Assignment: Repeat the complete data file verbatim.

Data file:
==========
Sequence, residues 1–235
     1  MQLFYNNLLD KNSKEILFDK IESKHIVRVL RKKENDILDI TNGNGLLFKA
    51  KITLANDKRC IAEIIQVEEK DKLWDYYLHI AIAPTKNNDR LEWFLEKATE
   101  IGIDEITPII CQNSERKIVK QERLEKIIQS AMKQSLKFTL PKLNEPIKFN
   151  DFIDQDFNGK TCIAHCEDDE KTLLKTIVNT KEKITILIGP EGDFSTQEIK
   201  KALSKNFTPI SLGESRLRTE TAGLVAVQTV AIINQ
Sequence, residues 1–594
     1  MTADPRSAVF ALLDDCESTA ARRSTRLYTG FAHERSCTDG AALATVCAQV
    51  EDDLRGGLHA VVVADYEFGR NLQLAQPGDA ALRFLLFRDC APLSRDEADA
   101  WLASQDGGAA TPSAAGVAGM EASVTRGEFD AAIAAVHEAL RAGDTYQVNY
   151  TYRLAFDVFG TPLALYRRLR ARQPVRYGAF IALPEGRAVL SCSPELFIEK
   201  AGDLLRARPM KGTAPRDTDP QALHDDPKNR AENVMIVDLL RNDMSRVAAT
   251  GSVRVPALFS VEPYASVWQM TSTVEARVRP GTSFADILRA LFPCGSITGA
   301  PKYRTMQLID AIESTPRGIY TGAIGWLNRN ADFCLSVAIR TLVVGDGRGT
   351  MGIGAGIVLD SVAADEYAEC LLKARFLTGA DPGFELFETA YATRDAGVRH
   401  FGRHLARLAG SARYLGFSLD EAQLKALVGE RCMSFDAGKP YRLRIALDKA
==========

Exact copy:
Sequence, residues 1–235
     1  MQLFYNNLLD KNSKEILFDK IESKHIVRVL RKKENDILDI TNGNGLLFKA
    51  KITLANDKRC IAEIIQVEEK DKLWDYYLHI AIAPTKNNDR LEWFLEKATE
   101  IGIDEITPII CQNSERKIVK QERLEKIIQS AMKQSLKFTL PKLNEPIKFN
   151  DFIDQDFNGK TCIAHCEDDE KTLLKTIVNT KEKITILIGP EGDFSTQEIK
   201  KALSKNFTPI SLGESRLRTE TAGLVAVQTV AIINQ
Sequence, residues 1–594
     1  MTADPRSAVF ALLDDCESTA ARRSTRLYTG FAHERSCTDG AALATVCAQV
    51  EDDLRGGLHA VVVADYEFGR NLQLAQPGDA ALRFLLFRDC APLSRDEADA
   101  WLASQDGGAA TPSAAGVAGM EASVTRGEFD AAIAAVHEAL RAGDTYQVNY
   151  TYRLAFDVFG TPLALYRRLR ARQPVRYGAF IALPEGRAVL SCSPELFIEK
   201  AGDLLRARPM KGTAPRDTDP QALHDDPKNR AENVMIVDLL RNDMSRVAAT
   251  GSVRVPALFS VEPYASVWQM TSTVEARVRP GTSFADILRA LFPCGSITGA
   301  PKYRTMQLID AIESTPRGIY TGAIGWLNRN ADFCLSVAIR TLVVGDGRGT
   351  MGIGAGIVLD SVAADEYAEC LLKARFLTGA DPGFELFETA YATRDAGVRH
   401  FGRHLARLAG SARYLGFSLD EAQLKALVGE RCMSFDAGKP YRLRIALDKA